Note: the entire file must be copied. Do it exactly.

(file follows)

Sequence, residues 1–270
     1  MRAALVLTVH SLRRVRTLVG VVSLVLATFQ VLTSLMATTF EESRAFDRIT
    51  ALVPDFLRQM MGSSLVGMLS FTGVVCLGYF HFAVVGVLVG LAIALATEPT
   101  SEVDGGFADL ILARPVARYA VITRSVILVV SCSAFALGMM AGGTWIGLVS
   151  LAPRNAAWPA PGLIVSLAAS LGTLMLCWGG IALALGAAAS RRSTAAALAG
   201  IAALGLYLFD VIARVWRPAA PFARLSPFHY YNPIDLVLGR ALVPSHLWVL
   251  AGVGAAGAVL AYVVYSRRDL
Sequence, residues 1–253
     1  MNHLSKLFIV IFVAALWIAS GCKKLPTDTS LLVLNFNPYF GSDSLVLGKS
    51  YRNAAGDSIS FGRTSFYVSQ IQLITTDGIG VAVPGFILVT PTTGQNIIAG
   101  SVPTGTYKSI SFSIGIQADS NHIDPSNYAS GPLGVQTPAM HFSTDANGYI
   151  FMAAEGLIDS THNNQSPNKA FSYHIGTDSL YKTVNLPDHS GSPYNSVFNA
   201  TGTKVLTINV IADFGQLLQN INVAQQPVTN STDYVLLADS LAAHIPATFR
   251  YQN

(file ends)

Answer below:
Sequence, residues 1–270
     1  MRAALVLTVH SLRRVRTLVG VVSLVLATFQ VLTSLMATTF EESRAFDRIT
    51  ALVPDFLRQM MGSSLVGMLS FTGVVCLGYF HFAVVGVLVG LAIALATEPT
   101  SEVDGGFADL ILARPVARYA VITRSVILVV SCSAFALGMM AGGTWIGLVS
   151  LAPRNAAWPA PGLIVSLAAS LGTLMLCWGG IALALGAAAS RRSTAAALAG
   201  IAALGLYLFD VIARVWRPAA PFARLSPFHY YNPIDLVLGR ALVPSHLWVL
   251  AGVGAAGAVL AYVVYSRRDL
Sequence, residues 1–253
     1  MNHLSKLFIV IFVAALWIAS GCKKLPTDTS LLVLNFNPYF GSDSLVLGKS
    51  YRNAAGDSIS FGRTSFYVSQ IQLITTDGIG VAVPGFILVT PTTGQNIIAG
   101  SVPTGTYKSI SFSIGIQADS NHIDPSNYAS GPLGVQTPAM HFSTDANGYI
   151  FMAAEGLIDS THNNQSPNKA FSYHIGTDSL YKTVNLPDHS GSPYNSVFNA
   201  TGTKVLTINV IADFGQLLQN INVAQQPVTN STDYVLLADS LAAHIPATFR
   251  YQN